Sentaro is assembling dorayaki ready for the morning rush when Tokue comes into his shop. In debt to Doraharu’s owner as the result of a spell in prison, Sentaro wants nothing more than to pay what he owes and shut up shop. He opens every day selling his pancakes filled with sweet bean paste to rowdy schoolgirls and passers-by. When Tokue steps into the shop, eager to make her own version of the paste, Santaro is deeply sceptical – she’s seventy-six, frail and her hands are deformed – but she offers to work for next to nothing. Soon, sales are steadily climbing. Sentaro sees a speedy way out of his debt and the schoolgirls are delighted with Tokue who listens to their problems, quietly offering advice, despite Sentaro’s remonstrations. All seems well until sales begin to fall. Rumours of Tokue’s Hansen’s disease – once known as leprosy – have spread, bringing to the surface a deep-seated prejudice and fear. Tokue tells Sentaro her story of state-enforced confinement despite the early cure of her condition, contracted when she was just fourteen. A bond grows between these two outcasts, joined by Wakana, the young girl who unwittingly triggered the bakery’s decline.
Sukegawa unfolds his tale in simple, straightforward prose, exploring themes of friendship, hope and awakening through the disparate characters of Sentaro, Tokue, and Wakana. As he makes clear in his author’s note, there’s a conscious vein of spirituality running through the book illustrated in Tokue’s urging Santaro to ‘listen’ to the world – to pay attention – but it’s never laboured. Their friendship transforms Sentaro from an automaton with his eyes on the exit into someone who has discovered a belief in himself but it’s Tokue who’s the star of the show: gentle, perceptive and completely lacking in the bitterness her experience might have engendered. The social effects of Hansen’s disease, long eradicated in Japan but still a source of stigma and prejudice, provide a sobering backdrop to this tale which reminded me of Linda Grant’s 1940s-set The Dark Circle about tuberculosis in my own country. How pleasing it would be to assume that those were more ignorant times but a similar stigma raised its head again during the AIDs epidemic in the ‘80s and is still alive and kicking around mental illness today. As Sentaro thinks to himself, struggling at the prospect of meeting Tokue’s fellow inmates: ‘They were just people’.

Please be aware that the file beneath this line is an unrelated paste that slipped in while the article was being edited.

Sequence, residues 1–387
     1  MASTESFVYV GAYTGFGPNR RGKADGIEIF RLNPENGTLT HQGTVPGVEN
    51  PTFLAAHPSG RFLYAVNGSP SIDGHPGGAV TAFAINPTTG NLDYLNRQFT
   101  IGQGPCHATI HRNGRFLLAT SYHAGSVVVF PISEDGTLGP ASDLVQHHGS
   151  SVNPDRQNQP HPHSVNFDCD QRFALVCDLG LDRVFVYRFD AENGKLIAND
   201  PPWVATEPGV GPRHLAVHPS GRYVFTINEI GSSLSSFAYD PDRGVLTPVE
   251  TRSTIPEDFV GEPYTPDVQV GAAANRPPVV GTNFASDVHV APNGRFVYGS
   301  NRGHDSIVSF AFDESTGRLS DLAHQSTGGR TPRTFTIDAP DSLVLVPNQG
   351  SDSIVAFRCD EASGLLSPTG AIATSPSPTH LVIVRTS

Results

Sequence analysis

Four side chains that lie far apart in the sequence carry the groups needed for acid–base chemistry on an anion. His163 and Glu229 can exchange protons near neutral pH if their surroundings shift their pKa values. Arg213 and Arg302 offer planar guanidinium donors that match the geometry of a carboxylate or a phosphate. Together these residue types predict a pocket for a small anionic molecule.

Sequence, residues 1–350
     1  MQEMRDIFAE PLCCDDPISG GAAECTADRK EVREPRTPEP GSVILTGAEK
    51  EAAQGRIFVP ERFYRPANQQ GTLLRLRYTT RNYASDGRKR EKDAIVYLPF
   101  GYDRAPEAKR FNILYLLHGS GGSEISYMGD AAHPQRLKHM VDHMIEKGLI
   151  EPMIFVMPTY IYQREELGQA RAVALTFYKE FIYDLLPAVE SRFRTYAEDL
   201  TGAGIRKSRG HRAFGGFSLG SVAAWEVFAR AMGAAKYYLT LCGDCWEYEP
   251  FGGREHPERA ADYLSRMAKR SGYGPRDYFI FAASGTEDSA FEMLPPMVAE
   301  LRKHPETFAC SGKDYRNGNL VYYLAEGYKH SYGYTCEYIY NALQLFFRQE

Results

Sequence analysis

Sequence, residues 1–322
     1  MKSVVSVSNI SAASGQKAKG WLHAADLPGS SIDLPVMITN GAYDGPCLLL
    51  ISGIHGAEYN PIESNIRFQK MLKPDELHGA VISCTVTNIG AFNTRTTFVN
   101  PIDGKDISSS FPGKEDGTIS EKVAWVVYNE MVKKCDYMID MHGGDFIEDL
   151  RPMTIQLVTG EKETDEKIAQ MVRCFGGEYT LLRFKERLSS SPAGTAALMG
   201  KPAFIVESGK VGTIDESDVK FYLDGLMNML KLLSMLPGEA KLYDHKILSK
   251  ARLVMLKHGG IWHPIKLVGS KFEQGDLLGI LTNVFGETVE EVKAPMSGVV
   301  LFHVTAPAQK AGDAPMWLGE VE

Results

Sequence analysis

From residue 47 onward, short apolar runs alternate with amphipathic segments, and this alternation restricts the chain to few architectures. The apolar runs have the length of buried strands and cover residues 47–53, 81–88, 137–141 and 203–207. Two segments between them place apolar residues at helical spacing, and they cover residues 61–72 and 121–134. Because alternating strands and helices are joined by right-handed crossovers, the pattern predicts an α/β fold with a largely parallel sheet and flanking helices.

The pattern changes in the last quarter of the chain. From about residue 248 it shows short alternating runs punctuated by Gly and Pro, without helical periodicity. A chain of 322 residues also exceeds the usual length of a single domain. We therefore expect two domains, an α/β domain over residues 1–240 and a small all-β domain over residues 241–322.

This final books of the year post leapfrogs from August to October. Not sure what happened in September but I suspect it may have something to do with riding the Central European railways for several weeks. October’s reading made up for it starting with Ann Patchett’s Commonwealth, to which I had been looking forward a little warily after a few disappointments with Patchett’s novels in recent years. It’s the story of a family, one which increasingly extends itself as marriages multiply and children are born. Patchett is an expert in show not tell: as her novel crisscrosses the years, from the opening christening in 1964 when a gatecrasher helps change the family’s history to the present day, stories are told and re-told – sometimes with illuminating differences. With its pleasingly rounded characters, meticulously constructed structure and thoroughly absorbing storytelling all underpinned with a gentle but wry humour, Commonwealth is a wonderful novel whose ending completes a beautifully executed circle.
I had similar reservations about Donal Ryan’s third novel. Both his previous books had been praised to the skies which raised my expectations too high to be met, I suspect. Perhaps it’s because I’d learnt my lesson that this time around they were exceeded. Written in gorgeously lyrical prose, All We Shall Know tells the story of Melody Shee’s pregnancy and the unexpected friendship she finds with a young Traveller woman. The story is structured in brief chapters, each one covering a week of Melody’s pregnancy in which she lets slip details of her life. Ryan’s writing is clear and clean yet often poetic and his ear for dialect is superb – characteristics familiar from his previous novels – but what stood out in this one was his story telling. For me, it’s his best novel yet.